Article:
The Bombay High Court on Wednesday directed the shifting of HDIL promoters Rakesh Kumar Wadhawan and his son Sarang R. Wadhawan, co-accused in the Punjab & Maharashtra Cooperative Bank Ltd. scam, from jail to their residence in Bandra.
A division bench comprising Justice R.V. More and Justice S.P. Tavade also set up a three-member committee headed by a retired High Court judge, Justice S. Radhakrishnan, to evaluate the encumbered assets of HDIL for sale to recover the company”s debts to the PMC Bank.
The Wadhawan duo will be kept at their residence under two jail guards to ensure their cooperation with the committee.
The retired judge will name the other two committee members and the court has sought a status report on it at the next hearing on April 30.
“We are conscious of the plight of lakhs of depositors who have deposited their hard earned money and life savings in the PMC Bank. The respondents (Wadhawans) are instrumental in the huge fraud perpetrated by them through HDIL and their group companies,” the court said.
Accordingly, the ex-judge S. Radhakrishnan-headed committee will first evaluate and sell the HDIL”s encumbered properties, and if there is a shortfall in recovering the PMC Bank”s dues, then the properties owned by the Wadhawans shall be disposed of.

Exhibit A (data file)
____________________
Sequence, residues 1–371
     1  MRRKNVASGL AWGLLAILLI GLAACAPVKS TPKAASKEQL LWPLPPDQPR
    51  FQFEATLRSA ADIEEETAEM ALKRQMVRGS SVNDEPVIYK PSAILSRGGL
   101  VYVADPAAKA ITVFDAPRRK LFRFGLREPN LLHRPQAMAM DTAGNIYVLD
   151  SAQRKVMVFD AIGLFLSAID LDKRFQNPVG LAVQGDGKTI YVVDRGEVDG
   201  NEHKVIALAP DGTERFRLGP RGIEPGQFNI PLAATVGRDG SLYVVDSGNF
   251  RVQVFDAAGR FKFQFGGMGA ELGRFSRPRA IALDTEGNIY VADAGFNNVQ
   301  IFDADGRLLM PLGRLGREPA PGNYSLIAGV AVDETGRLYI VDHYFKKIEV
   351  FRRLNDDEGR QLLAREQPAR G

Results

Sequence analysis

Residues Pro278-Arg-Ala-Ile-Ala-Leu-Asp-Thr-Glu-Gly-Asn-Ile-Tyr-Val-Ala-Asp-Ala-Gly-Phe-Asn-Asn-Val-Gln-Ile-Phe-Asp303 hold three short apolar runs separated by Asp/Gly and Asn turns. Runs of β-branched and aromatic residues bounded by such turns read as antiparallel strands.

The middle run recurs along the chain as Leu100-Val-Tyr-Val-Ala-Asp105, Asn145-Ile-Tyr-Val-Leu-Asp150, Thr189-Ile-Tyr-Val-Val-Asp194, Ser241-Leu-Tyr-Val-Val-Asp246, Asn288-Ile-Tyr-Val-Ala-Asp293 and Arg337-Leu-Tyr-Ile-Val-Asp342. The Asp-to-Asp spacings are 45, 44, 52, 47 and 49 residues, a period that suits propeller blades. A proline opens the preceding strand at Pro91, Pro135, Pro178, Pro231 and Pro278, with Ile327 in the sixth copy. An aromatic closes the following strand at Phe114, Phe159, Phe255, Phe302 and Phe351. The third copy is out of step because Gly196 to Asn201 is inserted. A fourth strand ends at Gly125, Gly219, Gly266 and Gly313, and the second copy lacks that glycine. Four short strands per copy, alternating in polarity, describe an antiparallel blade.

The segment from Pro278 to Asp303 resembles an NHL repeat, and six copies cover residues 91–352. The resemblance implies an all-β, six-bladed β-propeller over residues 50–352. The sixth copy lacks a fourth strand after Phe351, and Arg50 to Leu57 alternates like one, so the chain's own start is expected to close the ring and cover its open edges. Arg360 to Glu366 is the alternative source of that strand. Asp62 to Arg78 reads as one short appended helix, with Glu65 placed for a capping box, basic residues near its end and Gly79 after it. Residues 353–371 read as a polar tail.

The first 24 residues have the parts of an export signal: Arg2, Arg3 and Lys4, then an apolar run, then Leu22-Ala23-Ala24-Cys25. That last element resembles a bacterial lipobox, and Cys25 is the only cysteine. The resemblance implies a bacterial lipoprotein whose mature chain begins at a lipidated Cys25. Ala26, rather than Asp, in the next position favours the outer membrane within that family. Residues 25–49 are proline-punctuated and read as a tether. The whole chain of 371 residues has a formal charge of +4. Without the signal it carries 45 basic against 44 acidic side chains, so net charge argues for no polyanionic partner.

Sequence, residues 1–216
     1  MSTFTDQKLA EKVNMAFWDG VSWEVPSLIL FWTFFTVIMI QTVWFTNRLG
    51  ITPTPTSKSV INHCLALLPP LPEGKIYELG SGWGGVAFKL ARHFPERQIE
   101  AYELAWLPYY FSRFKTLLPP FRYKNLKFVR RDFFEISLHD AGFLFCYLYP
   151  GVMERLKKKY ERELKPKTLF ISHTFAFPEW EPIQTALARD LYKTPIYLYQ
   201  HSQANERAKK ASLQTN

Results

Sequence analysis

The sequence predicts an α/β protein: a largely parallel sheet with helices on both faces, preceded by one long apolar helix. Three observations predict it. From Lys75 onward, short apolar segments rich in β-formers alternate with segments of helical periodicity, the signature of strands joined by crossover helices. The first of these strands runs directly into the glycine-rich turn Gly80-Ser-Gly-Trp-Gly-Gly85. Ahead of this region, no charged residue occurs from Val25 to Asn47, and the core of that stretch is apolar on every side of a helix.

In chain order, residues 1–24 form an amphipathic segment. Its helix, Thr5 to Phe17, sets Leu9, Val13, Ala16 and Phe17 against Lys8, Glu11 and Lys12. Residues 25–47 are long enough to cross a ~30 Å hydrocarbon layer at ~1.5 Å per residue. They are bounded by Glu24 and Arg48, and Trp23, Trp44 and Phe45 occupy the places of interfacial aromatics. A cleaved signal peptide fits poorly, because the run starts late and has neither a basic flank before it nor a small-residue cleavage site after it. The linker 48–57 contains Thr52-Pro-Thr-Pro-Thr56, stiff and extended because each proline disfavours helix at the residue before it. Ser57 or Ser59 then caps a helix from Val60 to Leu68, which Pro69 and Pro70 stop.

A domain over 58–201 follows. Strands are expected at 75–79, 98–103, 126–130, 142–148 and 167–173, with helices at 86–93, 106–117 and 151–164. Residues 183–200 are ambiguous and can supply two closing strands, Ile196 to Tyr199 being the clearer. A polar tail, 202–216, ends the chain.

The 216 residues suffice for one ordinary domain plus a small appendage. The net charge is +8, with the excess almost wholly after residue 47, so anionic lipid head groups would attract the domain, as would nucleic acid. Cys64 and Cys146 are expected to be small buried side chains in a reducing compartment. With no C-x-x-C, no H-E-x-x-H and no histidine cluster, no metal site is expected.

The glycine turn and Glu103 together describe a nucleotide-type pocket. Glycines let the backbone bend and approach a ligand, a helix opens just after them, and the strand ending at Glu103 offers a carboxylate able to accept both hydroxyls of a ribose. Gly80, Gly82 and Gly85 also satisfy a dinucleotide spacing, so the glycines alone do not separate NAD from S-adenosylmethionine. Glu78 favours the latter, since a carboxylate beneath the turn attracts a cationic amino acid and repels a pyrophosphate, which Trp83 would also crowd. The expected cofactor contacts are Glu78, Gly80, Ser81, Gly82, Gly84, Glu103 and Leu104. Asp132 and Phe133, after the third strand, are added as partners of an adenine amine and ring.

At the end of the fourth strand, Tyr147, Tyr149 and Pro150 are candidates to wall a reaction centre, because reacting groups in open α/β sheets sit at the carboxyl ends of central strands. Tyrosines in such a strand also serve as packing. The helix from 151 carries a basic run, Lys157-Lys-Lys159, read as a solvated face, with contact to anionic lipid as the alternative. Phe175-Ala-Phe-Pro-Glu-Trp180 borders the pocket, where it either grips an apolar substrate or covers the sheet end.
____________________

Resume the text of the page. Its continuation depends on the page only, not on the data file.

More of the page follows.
However, in case there is a further shortfall, then the HDIL group”s unencumbered assets shall be sold to recover the dues, said the court.
The HDIL”s Vice-Chairman and Managing Director Sarang R. Wadhawan has already filed an affidavit enumerating the Group”s encumbered and unencumbered assets and also informed the court that he had no objection if the company”s encumbered assets are disposed of to recover the PMC Bank”s dues.
HDIL counsel Vikram Chaudhri informed the court that while the PMC Bank”s dues are around Rs 4,355 crore, the encumbered assets of the company alone are worth around Rs 11,000 crore and would be sufficient to repay the bank”s outstandings.
The court”s orders came on a public interest litigation filed by lawyer Sarosh Damania seeking expeditious disposal of the HDIL Group assets, attached by the Mumbai Police Economic Offences Wing and the Enforcement Directorate, to repay the PMC Bank depositors at the earliest.
The PMC Bank scam first broke out in late-September 2019 after which the Reserve Bank of India had imposed severe restrictions on withdrawals by the depositors.
Since then, there have been around 10 deaths, mainly of depositors or their kin, suffering as their life-savings were blocked in the crisis-ridden bank.